Posts Tagged ‘diagnoses’

Is a Blood Test for Diagnosing Early Breast Cancer Possible?

Wednesday, November 20th, 2013

logo1267406_mdReported in an online edition of Clinical Chemistry researchers say that in preliminary tests they were able to detect breast cancer cells in serum biomarkers. A mixture of free-floating blood proteins created by the enzyme carboxypeptidase N (CPN) accurately predicted the presence of early-stage breast cancer tissue in mice and a small population of human subjects.

In their animal studies and human biopsies the researchers first determined the presence of breast cancer tissue, characterized each sample’s stage of development. and looked at how much CPN was being expressed. Blood samples were also taken from each individual¬† Six peptides (proteins) created by the enzyme CPN are believed to originate in or near cancerous cells and eventually make their way into the bloodstream. The researchers compared the stages of breast cancer tissue development in previously diagnosed patients to the presence of CPN-created peptides in their blood and found all six peptides were at detectably higher levels as early as breast cancer’s first pathological stage (cancerous cells present and a tumor 2 cm or smaller or no tumor) . They also found that CPN peptides were at a detectably higher level in blood of mice, compared to controls, just 2 weeks after introducing breast cancer cells.

CPN activity dropped significantly over the eight week study of mice suggesting the blood test as currently configured might not work as well in detecting later stages of breast cancer. This will be studied further.They said “Even at the eighth week, CPN activity was still significantly higher than baseline.”.. “However, we suspect the activity of different enzymes goes up and down as the disease progresses. We will be looking at how we might add known and future biomarkers to the blood test to increase its robustness and accuracy.”

Can a Blood Test Replace the More Invasive Biopsy to Detect Cancer?

Friday, February 10th, 2012

New research published in the journal Physical Biology concluded that an advanced blood test that detects and analyzes circulating tumor cells in the blood of cancer patients was highly sensitive and may provide information comparable to that obtained in surgical biopsies when tested in 5 settings. The new test called HD-CTC labels cells in a patient’s blood in a way that distinguishes circulating tumor cells from ordinary red and white blood cells. It then uses a digital microscope and an image-processing algorithm to isolate the suspect cells with sizes and shapes unlike those of healthy cells so that the pathologist can examine the images of the suspect CTC cells to eliminate false positives. This process is similar to that used by a pathologist with biopsy slides.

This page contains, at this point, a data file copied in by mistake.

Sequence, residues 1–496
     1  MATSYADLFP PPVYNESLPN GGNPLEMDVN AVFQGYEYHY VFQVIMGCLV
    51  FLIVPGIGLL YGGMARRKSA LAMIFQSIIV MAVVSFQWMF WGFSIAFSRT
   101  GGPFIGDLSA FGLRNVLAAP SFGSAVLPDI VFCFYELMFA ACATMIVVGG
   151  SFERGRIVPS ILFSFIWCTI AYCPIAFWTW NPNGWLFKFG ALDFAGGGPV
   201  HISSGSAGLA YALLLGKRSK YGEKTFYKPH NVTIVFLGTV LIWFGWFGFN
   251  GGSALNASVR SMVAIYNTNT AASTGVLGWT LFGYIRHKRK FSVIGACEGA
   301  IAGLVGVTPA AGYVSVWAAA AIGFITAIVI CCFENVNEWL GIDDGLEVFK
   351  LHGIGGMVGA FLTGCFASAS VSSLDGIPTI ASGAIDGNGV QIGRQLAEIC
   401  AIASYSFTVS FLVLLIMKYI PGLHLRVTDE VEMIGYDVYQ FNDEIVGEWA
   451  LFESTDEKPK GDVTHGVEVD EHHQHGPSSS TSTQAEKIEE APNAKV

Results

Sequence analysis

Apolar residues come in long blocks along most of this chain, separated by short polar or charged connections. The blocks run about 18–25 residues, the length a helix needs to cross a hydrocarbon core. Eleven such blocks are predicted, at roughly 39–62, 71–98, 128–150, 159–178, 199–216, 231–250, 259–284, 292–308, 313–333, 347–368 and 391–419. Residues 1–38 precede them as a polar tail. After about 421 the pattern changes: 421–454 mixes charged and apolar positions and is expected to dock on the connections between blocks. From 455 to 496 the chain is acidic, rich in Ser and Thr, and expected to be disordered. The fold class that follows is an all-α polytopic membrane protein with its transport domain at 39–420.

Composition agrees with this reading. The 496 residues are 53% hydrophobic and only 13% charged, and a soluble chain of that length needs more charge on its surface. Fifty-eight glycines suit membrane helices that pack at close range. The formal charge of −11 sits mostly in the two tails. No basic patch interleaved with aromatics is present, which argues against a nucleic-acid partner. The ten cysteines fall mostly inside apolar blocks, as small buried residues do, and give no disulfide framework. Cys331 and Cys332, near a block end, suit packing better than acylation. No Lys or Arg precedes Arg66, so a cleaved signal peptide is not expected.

To test the technology, five studies were carried out in California, Montana and in the Netherlands.
In the first study researchers examined 83 advanced cancer patients using HD-CTC to document the sensitivity and accuracy for different cancer types. Researchers found that the test detected five or more CTCs per milliliter of blood in 80% of patients with metastatic prostate cancer, 70% of those with metastatic breast cancer, 50% of those with metastatic pancreatic cancer and no healthy subjects. The current gold-standard CTC test (CellSearch) was notably less sensitive in detecting tumor cells in the samples.
Most patients whose CTC count surpassed the detection threshold also showed small aggregates of CTCs, which cancer biologists call “microtumor emboli” that are believed to be incipient metastatic tumors and triggers for blood clots that often kill advanced cancer patients. In study 2, scientist showed that HD-CTC could detect these aggregates in 43% of 71 patients with advanced prostate, lung, pancreas, and breast cancers and in none of a group of 14 healthy subjects.
In the third study, HD-CTC was used to compare circulating tumor cells from prostate cancer patients with cells from prostate cancer cell lines often used as convenient models for prostate cancer biology in the lab. Significant differences were found between the two classes of cells, in their cell morphology and in the way they were labeled by HD-CTC fluorescent tags. These results underscore the need when carrying out research to use cells from cancer patients and not model cancer cells that may be different from the real thing.
Researchers performed HD-CTC tests on 28 patients with advanced non-small cell lung cancer over periods up to a year in the fourth study. They were able to detect CTCs in 68% of the sample, and the numbers of detected CTCs tended to go up as other measures showed cancer progression.
In the last study the researchers used HD-CTC in 78 patients who had just been diagnosed with various stages of non-small cell lung cancer and that demonstrated that they could detect CTCs even in patients with early stage cancer.
The five studies not only demonstrated the accuracy and effectiveness of the test for a number of different cancer types, it began to explore the utility of the technology for diagnosing and monitoring patients and improving cancer research in the laboratory.